Squatting in residential properties was made a criminal offence in 2012 and carries a maximum penalty of six months’ imprisonment and a fine of up to £5,000. However, the reality is that convictions are rare and one might argue that this points to the success of the legislation. Certainly, front page headlines describing people returning home from holiday to discover that squatters have moved into their homes are now uncommon but, in our view, the failure to cover commercial premises in the legislation has largely moved the problem to a different arena.
Prevention is always better than cure and our first tip is to ensure vacant properties are suitably secured so as to avoid the possibility of squatting taking place. However, even secure properties face the risk of squatting and according to the Ministry of Housing, Communities and Local Government there were 605,891 reported vacant dwellings across England in 2017. There are clearly significant opportunities for squatters and the reality is that removing them can be a very difficult, time consuming and expensive process.
It is important to be aware that even though squatting in a residential property is a criminal offence, any attempt by the property owner to physically remove them should be resisted (however tempting this might be). Squatters know their legal rights very well and will not hesitate to call the police to assist them. In fact, the first thing a property owner should do when they become aware of squatters is to call the police themselves as, provided the police can find evidence that the squatters are unauthorised occupiers (i.e. because they have forced entry), they can immediately remove them.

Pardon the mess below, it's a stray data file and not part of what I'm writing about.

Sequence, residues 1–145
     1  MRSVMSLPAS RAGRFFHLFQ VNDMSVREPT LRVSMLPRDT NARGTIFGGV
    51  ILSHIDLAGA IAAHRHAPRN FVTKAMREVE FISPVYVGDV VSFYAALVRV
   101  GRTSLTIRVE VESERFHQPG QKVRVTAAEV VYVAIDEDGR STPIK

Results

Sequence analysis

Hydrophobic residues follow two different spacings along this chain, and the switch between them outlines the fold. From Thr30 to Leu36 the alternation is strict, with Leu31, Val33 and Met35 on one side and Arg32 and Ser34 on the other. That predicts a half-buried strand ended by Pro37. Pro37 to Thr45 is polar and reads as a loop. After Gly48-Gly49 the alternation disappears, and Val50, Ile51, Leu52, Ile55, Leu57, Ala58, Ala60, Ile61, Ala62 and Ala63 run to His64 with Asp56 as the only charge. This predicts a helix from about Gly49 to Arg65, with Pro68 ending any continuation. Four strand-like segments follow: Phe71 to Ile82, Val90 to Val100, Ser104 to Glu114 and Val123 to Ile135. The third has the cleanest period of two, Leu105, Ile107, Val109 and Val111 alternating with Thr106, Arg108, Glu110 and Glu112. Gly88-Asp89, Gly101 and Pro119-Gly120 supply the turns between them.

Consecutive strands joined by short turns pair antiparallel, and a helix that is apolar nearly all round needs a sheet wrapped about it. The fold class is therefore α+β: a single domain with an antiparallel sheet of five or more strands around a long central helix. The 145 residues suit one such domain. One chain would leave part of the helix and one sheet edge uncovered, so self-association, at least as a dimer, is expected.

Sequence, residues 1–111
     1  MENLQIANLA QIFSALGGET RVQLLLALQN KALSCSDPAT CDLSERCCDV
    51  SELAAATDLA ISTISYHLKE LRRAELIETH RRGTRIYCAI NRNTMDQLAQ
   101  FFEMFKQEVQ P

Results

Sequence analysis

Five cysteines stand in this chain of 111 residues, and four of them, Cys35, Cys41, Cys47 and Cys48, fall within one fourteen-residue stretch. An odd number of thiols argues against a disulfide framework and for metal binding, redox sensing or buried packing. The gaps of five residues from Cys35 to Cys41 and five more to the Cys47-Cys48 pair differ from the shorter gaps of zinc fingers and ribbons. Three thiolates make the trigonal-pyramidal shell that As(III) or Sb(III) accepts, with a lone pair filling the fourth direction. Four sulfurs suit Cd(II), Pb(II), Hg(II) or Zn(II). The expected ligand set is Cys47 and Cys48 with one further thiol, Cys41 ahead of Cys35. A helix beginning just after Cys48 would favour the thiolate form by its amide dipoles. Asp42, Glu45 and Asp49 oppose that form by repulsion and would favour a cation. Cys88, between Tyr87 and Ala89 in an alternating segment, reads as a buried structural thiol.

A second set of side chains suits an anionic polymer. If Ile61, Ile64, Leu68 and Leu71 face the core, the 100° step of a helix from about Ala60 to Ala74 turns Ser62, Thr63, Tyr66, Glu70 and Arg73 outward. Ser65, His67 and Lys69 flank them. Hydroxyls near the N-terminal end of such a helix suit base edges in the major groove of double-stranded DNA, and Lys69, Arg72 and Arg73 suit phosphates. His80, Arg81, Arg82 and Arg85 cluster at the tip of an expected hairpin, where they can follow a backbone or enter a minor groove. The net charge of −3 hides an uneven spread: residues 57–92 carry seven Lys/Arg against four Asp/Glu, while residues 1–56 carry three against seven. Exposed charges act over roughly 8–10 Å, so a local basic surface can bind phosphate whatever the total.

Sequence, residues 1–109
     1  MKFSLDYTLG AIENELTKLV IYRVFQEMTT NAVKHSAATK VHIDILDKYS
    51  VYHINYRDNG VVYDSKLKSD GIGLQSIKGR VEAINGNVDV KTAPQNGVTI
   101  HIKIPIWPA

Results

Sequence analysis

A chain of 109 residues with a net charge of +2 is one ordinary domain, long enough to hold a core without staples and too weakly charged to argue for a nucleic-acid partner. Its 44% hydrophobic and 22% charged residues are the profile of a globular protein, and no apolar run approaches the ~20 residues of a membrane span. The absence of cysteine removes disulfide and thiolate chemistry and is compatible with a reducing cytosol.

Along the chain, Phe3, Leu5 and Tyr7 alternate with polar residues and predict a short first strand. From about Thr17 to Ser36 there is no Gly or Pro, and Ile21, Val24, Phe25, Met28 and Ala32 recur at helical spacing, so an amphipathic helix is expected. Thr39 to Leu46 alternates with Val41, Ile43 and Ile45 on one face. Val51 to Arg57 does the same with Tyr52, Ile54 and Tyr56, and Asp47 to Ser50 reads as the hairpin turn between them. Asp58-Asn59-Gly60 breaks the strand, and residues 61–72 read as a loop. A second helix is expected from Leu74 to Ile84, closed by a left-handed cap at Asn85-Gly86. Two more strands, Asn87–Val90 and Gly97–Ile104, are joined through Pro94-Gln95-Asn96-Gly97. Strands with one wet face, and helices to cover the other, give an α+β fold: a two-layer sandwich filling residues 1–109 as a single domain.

However, the crucial point is that squatters are often extremely well organised and know how to manipulate the situation to prevent forced removal by the police. In many instances, the squatters will leave no sign of having forced entry and will claim that they are legitimate tenants (or have some other right to occupy the property). In that situation our experience is that the police will leave the property without taking further action and will simply declare that it is a civil matter. This is extremely frustrating for the wronged property owner but one can understand the police, with limited time and resources, taking this approach; after all they are not there to decide whether the occupier is a legitimate tenant/authorised occupier or a squatter. If the police are unable to act then it will then fall to the property owner to pursue civil action against the squatters through the courts in order to obtain possession.